Category: Race

Anthony Appiah Lecture on Identity at Villa La Pietra

Anthony Appiah presented a calm, unassuming figure as he stood in front of those gathered at Villa La Pietra Monday to deliver his talk on identity. Appiah began by breaking down our idea of identity into three categories: Nationality, Race and Culture. Appiah examined  the idea of nationality as a form of identity, looking at the concept of the nation and what it represents. Soon, it became clear that even our idea of what a nation should be is primarily a social construct, so fluid and arbitrary that a concrete definition of identity based on nationality is essentially impossible. Appiah looked at some important interpretations of what a state is through history: it has often been founded on the idea of a group of people with a shared sense of ancestry who care about that ancestry, people who share a genetic heritage. However, if we look at the sort of nation that that definition connotes, it is one known as a Romantic State, something along the lines of Benito Mussolini’s ideal Italy. A Romantic State would be one where people share a single consciousness and have no disagreements. To refute this idea, Appiah looked at many nations in Africa, such as Ghana, where despite not having a shared ancestry, (Ghana is composed of many different tribes), a national consciousness is forming nonetheless, as a product of the people of Ghana living together and working together to govern their nation–for evidence of the emergence of this national consciousness, Appiah cites the example of how people from Ghana have adopted kente cloth as the national cloth despite the fact that it is only truly native to one or two of the tribes that make up Ghana. Appiah ended his discussion on nationality by highlighting the importance of the Liberal State: a state where the people may not share the same ideas and same will, but do have a willingness to compromise with one another, to find a middle ground in an effort to move forward. Appiah pointed out that, because there is no definite national essence, a nation represents a medley of cultures and identities, meaning that we need a state where different people are capable of coming together and finding common ground. Read more

Black Identity: A Hidden Beauty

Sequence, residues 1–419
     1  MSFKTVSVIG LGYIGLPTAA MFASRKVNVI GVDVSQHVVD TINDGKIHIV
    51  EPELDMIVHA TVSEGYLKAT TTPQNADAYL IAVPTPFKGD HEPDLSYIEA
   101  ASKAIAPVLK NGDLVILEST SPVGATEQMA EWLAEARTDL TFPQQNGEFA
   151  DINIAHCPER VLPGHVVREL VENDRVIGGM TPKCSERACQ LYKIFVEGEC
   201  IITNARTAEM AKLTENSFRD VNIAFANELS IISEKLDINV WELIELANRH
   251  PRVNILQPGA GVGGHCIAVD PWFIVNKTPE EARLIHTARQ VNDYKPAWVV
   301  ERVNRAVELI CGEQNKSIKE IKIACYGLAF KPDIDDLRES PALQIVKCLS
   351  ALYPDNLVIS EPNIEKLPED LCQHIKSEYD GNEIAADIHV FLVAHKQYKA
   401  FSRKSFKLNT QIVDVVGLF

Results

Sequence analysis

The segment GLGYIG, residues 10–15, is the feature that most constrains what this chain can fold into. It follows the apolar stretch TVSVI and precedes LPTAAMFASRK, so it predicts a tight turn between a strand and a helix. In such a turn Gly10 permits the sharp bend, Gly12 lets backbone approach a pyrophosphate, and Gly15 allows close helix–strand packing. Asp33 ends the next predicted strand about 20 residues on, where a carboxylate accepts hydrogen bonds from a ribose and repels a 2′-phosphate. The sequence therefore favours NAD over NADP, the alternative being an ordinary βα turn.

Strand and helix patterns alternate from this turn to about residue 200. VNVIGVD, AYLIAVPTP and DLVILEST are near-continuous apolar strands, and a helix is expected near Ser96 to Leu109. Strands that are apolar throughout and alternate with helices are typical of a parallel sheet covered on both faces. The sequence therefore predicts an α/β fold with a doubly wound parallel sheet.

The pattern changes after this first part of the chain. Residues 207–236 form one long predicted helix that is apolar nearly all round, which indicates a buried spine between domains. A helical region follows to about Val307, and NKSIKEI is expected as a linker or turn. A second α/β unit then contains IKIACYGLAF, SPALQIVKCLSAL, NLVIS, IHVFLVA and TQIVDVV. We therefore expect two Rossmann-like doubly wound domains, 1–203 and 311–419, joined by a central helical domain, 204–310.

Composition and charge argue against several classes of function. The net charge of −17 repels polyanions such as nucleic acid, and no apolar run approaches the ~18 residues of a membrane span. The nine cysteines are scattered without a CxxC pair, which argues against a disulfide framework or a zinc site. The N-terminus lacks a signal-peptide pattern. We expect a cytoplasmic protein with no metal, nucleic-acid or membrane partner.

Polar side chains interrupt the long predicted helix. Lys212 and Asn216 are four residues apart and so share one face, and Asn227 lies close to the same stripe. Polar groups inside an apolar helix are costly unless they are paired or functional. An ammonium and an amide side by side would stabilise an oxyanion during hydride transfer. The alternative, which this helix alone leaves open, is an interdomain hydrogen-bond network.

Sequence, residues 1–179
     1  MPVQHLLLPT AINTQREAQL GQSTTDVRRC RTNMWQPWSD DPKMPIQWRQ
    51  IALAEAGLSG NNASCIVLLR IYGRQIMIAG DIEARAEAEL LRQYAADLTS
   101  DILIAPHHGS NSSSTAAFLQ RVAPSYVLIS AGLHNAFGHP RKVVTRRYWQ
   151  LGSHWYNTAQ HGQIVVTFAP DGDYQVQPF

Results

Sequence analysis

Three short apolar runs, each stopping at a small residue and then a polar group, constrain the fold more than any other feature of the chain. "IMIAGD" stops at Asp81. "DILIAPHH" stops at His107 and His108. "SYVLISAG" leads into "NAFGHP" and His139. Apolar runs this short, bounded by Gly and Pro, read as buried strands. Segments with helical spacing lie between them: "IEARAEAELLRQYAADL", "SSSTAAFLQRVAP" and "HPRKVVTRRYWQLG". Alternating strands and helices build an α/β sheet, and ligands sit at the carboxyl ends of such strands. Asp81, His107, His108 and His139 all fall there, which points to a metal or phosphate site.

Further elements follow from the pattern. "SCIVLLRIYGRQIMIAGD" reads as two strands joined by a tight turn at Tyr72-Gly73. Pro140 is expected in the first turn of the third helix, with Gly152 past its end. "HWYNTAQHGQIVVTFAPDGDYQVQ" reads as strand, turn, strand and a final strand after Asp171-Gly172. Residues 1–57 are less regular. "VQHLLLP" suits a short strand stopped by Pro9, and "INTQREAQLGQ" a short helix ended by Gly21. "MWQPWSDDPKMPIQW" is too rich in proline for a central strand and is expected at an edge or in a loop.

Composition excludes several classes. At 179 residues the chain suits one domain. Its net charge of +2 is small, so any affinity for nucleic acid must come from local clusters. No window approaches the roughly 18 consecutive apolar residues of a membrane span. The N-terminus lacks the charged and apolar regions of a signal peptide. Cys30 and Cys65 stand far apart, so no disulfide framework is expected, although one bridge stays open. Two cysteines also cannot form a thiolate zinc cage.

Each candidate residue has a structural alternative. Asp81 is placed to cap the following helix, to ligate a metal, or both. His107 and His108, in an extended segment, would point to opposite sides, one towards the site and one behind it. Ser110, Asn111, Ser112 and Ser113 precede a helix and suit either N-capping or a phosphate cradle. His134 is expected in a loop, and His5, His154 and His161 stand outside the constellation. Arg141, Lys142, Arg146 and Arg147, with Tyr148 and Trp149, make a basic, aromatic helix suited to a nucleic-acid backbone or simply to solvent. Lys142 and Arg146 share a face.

“Beauty is personal and political; it can be read both aesthetically and within the context of cultural studies.” – Deborah Willis

Susan Taylor by Ken Ramsay, c. 1970s

Proud recipient of MacArthur Genius Award and Guggenheim Fellowship, curator and author of multiple books including Posing Beauty (2009) and Reflections In Black (2000), Deborah Willis is a contemporary African-American artist, photographer, and educator. She is currently Professor of Photography and Chair of the Department of Photography & Imaging at the Tisch School of the Arts of New York University. She has also taught a seminar entitled “Beauty Matters” at Harvard University. Willis has pursued a dual professional career as an art photographer and as one of the nation’s leading historians of African American photography. She has also curated multiple exhibitions promoting African-American culture and heritage. Read more

What Is It That Makes Us Who We Are?

Join us for Dialogues by Anthony Appiah, Deborah Willis and Jack Halberstam challenging our assumptions about identity and the consequences of these for society and politics.

Video created by NYU Florence student Arthur de Oliveira.

Events:

March 13 6:00pm Mistaken Identities: Culture, Color, Country, Creed – Anthony Appiah

March 14 6:00pm Posing Beauty – Deborah Willis

March 15 6:00pm Trans*: A Quick and Quirky Guide to Gender Variance – Jack Halberstam

 

RSVP at lapietra.dialogues@nyu.edu.

 

Footage Credits:

The Dallas Morning News – Video of Black Lives Matter Protest and Police Shooting in Dallas
The Tree of Life, Dir. Terrence Malik
Vox – Donald Trump’s Refugee Ban, Explained
Vice – World’s Largest Pilgrimage: Hajj Documentary
ABC News – Inside Controversial President of the Philippines’ Bloody Drug War
BBC News – Mo Asumang: Confronting Racism Face to Face
BBC News – Donald Trump Swearing-in Ceremony

Black Femininity Series: The Millennial Meets the Movement

bfs-committee-tyiana

Truthfully, I have a very boring bucket list. Actually, I have a non-existent bucket list. There are only a few things that I want to accomplish before my death, and since these things are so few I never felt the need to list them. These wishes are more like pipe dreams – things I passionately want but would never expect to actually happen…until one actually did.

I have always been fascinated with African-American history in the US. My lullabies were negro spirituals. My cartoons were 90s sitcoms with all Black casts. My bedtime stories were newspaper articles about the Civil Rights Movement. I had the urge to march before I could walk. So when the opportunity arrived to meet Angela Davis, I stopped rushing to my Italian class and decided that I would be a little late.

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Navigating Unity in Diversity: Black Femininity Series

A day before the iconic Angela Davis and feminist thinker Gina Dent spoke to the New York University Florence community about systemic racism within American institutions, two NYU Florence students organized a series of panels to discuss how race and gender impact the representations and interactions of Black women globally. The event was entitled the “Black Femininity Series.”  Six Black women, leaders in their respective fields, shared their experiences and reflected on how they combat the prejudices they face that affect their professional relationships and self-perceptions.

I was one of the organizers of the event alongside my friend and colleague Rahni Davis. Rahni and I are young Black women ourselves, passionate about diversity, promoting more nuanced representations of Black women and their role in society, and bringing this diverse conversation to the global forum in Florence, Italy. On a cold October evening together we jotted down a proposal for the Black Femininity Series in the basement of Rahni’s home stay. The idea ascended to heights we never anticipated. Read more